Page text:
A history of the USC-Washington coaching rivalry


LOS ANGELES -- On Thursday night, all the talk, comparisons, and analysis featuring second-year head coaches Steve Sarkisian of the USC Trojans and Washington Huskies Chris Petersen will finally be settled on the hallowed grounds of the Los Angeles Memorial Coliseum.

Or will it?

As has been chronicled over and over and over again, Sarkisian is the former Washington Huskies head coach (2009-2013) and Petersen is the former Trojans head-coaching candidate who eventually replaced Sarkisian as the Huskies head man.

Since the two teams didn’t play each other in 2014, there is still the lingering question of which university made the better coaching hire?

That answer may depend on what school’s colors you’re wearing.

However, long before the Sarkisian vs. Petersen hiring debate, the Trojans and Huskies already had a long history of head coaching comparisons and confrontations. These two traditional West Coast powers have had some of college football’s most successful coaches and also some of the more controversial ones, as well.

Historians of this western rivalry will tell you there wasn’t a bigger tormentor of the Washington Huskies in the modern era of college football than Trojans Hall of Fame head coach John McKay (1960–1975), who won four national championships and countless conference titles during his extraordinary tenure.

And nobody suffered more at the hands of McKay and his juggernaut of teams than those young men wearing the purple and gold from Seattle.

In his 15-year USC coaching career against the Huskies, John McKay was 11-3-1, and from 1965 thru 1974 he never lost a game to UW. Now that’s domination!

Huskies fans point to their Hall of Fame coach Don James (1975-1992) as the counter argument. In 18 seasons which included one shared national championship (1991), James had a 10-7 record against the Trojans. Hardly McKay-type domination and surprisingly James never had a winning streak against the Cardinal and Gold lasting any longer than three games.

There were two other Hall of Fame head coaches -- one from each university -- that participated in the longtime series. Washington’s Hall of Fame coach Jim Owens (1957–1974) was tormented by the Trojans throughout his career, finishing with a un-Hall of Fame record against the Men of Troy at 3-14-1. By the way, Owens was the Huskies coach who lost 10 consecutive times to John McKay.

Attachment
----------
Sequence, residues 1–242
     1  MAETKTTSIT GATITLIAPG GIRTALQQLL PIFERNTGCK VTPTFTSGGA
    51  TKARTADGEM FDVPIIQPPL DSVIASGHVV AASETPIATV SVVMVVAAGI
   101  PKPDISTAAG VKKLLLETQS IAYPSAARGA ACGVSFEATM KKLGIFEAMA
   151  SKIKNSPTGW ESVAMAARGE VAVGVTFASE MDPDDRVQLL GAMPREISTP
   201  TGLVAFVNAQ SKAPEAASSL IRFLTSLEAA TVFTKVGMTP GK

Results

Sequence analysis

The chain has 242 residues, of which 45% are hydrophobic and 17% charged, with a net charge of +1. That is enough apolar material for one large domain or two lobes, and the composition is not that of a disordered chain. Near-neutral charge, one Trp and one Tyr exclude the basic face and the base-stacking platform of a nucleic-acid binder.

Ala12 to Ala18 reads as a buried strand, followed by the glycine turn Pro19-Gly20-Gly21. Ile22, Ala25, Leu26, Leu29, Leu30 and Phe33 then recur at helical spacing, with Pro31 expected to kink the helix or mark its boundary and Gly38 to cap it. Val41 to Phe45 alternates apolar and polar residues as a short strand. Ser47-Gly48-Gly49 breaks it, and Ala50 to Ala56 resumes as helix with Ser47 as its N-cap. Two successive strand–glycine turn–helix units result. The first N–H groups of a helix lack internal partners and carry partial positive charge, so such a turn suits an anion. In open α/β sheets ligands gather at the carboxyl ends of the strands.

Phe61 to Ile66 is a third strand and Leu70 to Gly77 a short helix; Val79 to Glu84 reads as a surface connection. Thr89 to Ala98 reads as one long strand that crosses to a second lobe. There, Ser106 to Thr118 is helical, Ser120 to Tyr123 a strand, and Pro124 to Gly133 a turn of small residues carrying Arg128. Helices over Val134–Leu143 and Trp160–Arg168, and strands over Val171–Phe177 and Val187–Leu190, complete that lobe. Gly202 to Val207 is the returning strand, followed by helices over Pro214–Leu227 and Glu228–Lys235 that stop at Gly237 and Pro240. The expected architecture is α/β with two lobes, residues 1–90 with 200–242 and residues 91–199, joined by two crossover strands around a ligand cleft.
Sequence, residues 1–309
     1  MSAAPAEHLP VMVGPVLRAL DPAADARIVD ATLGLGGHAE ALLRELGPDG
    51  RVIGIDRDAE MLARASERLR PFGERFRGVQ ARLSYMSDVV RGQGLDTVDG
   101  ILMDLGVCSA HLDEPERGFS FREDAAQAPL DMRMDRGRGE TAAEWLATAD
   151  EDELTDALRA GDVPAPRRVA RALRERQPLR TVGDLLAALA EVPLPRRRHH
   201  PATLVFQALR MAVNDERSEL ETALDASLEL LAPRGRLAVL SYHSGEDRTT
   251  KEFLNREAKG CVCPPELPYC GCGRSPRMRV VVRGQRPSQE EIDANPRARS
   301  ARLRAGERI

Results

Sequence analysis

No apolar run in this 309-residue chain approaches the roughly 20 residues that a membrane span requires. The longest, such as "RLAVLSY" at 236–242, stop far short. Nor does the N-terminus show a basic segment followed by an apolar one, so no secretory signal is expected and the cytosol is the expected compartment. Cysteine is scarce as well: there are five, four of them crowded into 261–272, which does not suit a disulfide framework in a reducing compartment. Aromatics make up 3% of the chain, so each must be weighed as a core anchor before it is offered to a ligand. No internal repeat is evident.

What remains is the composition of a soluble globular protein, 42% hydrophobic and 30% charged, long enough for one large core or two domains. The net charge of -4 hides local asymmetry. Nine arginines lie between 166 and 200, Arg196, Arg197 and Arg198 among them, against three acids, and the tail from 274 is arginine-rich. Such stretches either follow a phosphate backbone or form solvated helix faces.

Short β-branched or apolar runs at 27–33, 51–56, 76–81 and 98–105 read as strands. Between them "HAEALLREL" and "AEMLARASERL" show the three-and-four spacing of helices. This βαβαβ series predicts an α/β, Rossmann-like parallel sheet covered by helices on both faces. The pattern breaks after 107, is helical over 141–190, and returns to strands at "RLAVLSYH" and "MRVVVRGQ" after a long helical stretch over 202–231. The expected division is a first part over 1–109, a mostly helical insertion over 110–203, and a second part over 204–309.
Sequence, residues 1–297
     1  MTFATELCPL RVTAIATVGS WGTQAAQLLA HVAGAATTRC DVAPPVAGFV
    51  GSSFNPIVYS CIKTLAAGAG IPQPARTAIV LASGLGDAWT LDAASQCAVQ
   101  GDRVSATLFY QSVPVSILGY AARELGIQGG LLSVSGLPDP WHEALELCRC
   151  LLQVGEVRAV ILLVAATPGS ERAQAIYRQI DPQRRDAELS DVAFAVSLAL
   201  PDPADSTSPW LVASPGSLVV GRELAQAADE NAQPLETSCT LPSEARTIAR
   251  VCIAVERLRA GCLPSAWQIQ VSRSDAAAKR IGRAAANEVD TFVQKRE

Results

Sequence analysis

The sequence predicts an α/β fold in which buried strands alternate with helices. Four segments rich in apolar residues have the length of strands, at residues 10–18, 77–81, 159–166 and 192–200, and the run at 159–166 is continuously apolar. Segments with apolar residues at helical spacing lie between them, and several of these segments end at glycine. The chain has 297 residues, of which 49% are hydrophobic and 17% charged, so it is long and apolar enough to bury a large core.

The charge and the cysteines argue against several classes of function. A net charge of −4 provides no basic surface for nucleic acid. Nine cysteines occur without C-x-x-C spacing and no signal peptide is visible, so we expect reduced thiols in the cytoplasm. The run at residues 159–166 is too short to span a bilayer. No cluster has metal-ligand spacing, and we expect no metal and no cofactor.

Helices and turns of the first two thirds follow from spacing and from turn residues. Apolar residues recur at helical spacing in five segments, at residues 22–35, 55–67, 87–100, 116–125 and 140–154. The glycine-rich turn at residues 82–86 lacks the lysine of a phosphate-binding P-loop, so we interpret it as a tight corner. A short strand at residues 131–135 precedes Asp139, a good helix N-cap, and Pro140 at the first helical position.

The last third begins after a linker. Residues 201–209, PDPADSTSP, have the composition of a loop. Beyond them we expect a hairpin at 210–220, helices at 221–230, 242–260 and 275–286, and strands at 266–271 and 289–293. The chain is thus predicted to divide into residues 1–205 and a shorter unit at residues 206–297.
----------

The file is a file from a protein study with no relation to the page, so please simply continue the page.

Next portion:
Trojans College Football Hall of Fame coach John Robinson had his hands full with the Huskies. In two separate coaching tenures, Robbie was a combined 2-2-1 against the Dawgs, mediocre numbers for a coach of his stature.

Leave out the Jim Owens and Don James eras and the Huskies parade of head coaches and their records against the Trojans has been pedestrian at best. Jim Lambright (1993-1998), a former Huskies player who succeeded Don James, was 3-2-1 against the Trojans in his six seasons in Seattle.

Other Huskies leaders were mere footnotes in the rivalry. Rick Neuheisel (1999 - 2002) was 1-1 in his four seasons against the Trojans and didn’t face “Southern Cal” in 1999 and 2000 because of scheduling.

Keith Gilberston (2003–2004) couldn’t get a victory (0-2) against the Trojans, and Tyrone Willingham (2005-2008), who was previously the head coach at Stanford and Notre Dame, was blanked as well (0-4).

And, no, we didn’t forget Steve Sarkisian (2009-2013) who finished his five-season Huskies coaching career with a 2-2 record against his future employers.

One of those victories by Sark was his team’s 16-13 upset of Pete Carroll’s nationally ranked Trojans in 2009, which sent Huskies Stadium into delirious nirvana.

However, don’t feel too bad for Pete Carroll, who dominated the Huskies to a tune of a 7-2 record. Ironically, the current Seattle Seahawks head coach lost both his first and last game in which he competed against the Huskies.

Outside of McKay and Carroll, the Trojans also had some mediocrity against the Huskies in its coaching ranks.

Ted Tollner (1983-86) was 2-2, Larry Smith (1987-92) finished 3-3, and the infamous Paul Hackett (1998-2000) was 1-0 against UW, thanks to the schedule maker who didn't pit Hackett's Trojans with the Huskies in his final two seasons. The controversial Lane Kiffin (2010-2013), who was a modest 2-1 against the Purple Gang.

All of which returns us to Thursday night’s matchup between Steve Sarkisian and Chris Petersen.

Will Huskies fans be seeing in Sarkisian a new Trojans head coaching nemesis along the lines of a McKay or Carroll?

Or will Trojans fans be seeing in Petersen the second coming of the Huskies Don James?

History is ready to be written.